Children and youth have limited life experience, they are 100% open to every sensation, experience, and worldwide event. Like sponges they absorb it all. Their young bodies don’t know where they end and the world begins. They are everything, and everything is them. This sense of having a “self” develops over time as we move through various stages of development and in conditions that are loving, respectful, and reciprocal.
At the moment, our young people are absorbing more than their bodies can bear. Even in family situations wherein everything on the whole is fairly normal – meaning income security, family health stability, and regular routines, there is no denying the social climate all around us. News reports, masked faces, school openings and closings, and all the limitations of social relationships will weigh heavily on young nervous systems. Their bodies are picking up cues of danger everywhere in their environments. The cues of safety that are available to them are often not enough to counter the unknown and the lack of control being experienced.
What to do??? How do we support our children and youth?
Most importantly patience, acceptance and a reduction of any judgements for reactions they may be having. They are not at their best because their world is not at its best. Their reactions are a part of them, but it is not who they are or who they will be in life.
Send loads and loads of cues of safety. Letting them know they are not alone, that they are loved, that they have a safe home base to return to regardless of how they reacted or what they did. That your love and support are not conditional on them being at their best. That you believe that they will figure things out and that you have faith in them and you have faith in the power of your relationship with them. Together, you got this!
Reduce fear as much as is possible. Given the state of the world fear is very reasonable and appropriate. However, our young people need to hear reassurances wherever and whenever possible. Let them know that despite current concerns we have survived a pandemic before, that people are generally good, that change is possible and that as a society we are moving in the right direction.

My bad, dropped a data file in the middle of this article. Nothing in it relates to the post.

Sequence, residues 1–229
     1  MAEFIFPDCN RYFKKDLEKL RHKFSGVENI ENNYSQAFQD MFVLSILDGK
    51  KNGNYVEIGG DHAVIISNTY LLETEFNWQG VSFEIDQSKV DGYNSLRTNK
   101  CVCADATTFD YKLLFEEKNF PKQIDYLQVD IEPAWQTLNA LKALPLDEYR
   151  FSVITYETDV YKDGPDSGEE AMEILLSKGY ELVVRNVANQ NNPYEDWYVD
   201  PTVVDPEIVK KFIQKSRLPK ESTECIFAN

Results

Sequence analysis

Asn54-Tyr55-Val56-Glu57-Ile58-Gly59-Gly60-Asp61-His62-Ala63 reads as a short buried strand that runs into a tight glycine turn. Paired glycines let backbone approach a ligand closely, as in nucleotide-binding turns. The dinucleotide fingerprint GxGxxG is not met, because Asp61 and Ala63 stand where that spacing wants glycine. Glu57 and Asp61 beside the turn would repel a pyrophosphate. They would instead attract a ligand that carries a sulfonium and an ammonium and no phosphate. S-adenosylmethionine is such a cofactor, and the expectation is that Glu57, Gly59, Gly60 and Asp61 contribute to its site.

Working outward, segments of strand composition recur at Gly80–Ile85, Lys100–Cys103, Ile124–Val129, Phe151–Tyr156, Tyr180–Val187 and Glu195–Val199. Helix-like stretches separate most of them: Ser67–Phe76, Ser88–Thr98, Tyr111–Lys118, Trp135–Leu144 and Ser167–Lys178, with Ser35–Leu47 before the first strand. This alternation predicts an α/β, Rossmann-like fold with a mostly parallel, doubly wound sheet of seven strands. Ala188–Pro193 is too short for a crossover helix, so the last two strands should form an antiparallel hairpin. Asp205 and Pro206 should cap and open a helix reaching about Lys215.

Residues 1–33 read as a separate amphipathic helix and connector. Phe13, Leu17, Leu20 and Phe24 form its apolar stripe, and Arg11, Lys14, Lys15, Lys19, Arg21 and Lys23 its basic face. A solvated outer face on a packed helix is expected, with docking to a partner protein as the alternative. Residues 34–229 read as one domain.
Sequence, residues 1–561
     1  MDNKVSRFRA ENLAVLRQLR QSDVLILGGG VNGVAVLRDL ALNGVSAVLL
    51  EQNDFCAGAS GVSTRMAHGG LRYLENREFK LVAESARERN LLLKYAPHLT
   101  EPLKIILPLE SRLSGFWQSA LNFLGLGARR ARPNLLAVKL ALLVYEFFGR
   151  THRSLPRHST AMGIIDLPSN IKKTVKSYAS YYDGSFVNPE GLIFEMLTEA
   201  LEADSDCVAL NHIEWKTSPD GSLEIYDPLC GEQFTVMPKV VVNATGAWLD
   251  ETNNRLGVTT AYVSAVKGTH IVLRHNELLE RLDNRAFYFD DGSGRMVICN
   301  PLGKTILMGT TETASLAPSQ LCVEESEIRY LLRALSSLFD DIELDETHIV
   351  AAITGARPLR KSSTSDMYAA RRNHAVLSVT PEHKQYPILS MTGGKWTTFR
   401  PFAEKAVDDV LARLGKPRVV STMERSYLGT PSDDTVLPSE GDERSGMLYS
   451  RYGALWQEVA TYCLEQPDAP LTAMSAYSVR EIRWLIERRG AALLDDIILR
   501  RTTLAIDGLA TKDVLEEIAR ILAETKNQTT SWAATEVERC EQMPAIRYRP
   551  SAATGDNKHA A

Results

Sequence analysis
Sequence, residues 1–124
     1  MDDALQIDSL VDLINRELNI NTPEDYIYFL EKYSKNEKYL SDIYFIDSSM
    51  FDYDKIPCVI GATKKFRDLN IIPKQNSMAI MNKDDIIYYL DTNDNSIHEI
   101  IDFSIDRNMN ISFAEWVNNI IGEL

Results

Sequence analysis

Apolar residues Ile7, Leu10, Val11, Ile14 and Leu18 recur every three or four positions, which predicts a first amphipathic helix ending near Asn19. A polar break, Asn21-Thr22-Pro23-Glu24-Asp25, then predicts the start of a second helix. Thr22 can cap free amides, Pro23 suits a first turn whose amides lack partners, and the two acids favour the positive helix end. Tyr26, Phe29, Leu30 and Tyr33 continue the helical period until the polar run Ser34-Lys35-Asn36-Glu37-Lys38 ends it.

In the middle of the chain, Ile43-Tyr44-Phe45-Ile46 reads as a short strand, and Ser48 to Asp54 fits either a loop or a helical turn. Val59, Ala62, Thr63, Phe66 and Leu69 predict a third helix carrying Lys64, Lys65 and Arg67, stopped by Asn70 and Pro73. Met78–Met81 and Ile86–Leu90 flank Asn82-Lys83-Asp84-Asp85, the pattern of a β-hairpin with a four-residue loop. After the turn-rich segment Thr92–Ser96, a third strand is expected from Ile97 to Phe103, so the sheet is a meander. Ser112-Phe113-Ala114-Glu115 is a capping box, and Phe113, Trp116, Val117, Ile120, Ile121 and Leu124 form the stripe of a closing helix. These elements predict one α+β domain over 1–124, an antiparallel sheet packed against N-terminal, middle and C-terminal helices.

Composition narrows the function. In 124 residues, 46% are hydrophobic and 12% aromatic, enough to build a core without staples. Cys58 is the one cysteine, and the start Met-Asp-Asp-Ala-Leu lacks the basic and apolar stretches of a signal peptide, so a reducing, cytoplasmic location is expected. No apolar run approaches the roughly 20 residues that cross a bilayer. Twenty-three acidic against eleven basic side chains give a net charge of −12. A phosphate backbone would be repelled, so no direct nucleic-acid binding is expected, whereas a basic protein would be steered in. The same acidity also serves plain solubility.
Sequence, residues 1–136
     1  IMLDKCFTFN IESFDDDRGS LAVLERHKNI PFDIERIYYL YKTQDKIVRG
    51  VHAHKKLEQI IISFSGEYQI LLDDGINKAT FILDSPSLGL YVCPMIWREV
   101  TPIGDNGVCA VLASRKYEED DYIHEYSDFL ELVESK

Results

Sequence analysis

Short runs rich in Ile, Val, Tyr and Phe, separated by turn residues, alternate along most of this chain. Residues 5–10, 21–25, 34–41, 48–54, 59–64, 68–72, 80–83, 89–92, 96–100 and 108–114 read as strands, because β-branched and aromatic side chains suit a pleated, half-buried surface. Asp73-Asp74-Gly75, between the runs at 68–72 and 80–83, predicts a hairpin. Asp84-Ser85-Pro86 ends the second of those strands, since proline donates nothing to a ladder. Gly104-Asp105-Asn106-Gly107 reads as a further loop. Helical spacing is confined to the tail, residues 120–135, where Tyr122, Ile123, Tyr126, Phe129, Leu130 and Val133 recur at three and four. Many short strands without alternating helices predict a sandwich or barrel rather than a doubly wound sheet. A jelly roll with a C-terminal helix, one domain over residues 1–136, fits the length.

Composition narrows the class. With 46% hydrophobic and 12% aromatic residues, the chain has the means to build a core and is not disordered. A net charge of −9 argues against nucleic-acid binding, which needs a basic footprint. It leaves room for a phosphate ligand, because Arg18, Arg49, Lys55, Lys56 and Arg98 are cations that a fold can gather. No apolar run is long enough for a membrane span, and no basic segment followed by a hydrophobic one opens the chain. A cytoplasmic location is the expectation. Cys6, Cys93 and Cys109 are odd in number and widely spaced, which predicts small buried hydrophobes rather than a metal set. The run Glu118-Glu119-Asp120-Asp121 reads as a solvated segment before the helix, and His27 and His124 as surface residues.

Maintain regular habits, routines, family rituals as best as is possible. At times we may not be able to create these experiences or our young folks may be rejecting of the experience. Creating a climate of acceptance and adaptability allows for conversations that help us to understand each other’s capacity and be responsive to each other’s needs. Keep talking and keep trying!
Most importantly, as adults in young people’s lives they need us to take care of ourselves. Our best hope to support young people is that as adults we model coping. Hiding our struggles and our fears is not helpful. Our young people know us better than we know ourselves.
They can feel our nervous systems even if our words and our behaviours are attempting to show something else. Better we make it clear to them the ways in which we are struggling and what we are doing to address it. Model self care, model self compassion, model struggling and coping, model leaning into other people for support. Most importantly, model how to repair relationships when we have not been our best selves and we have hurt the ones we love. They are 100% paying attention. What we do for ourselves and for others is setting the climate for our children.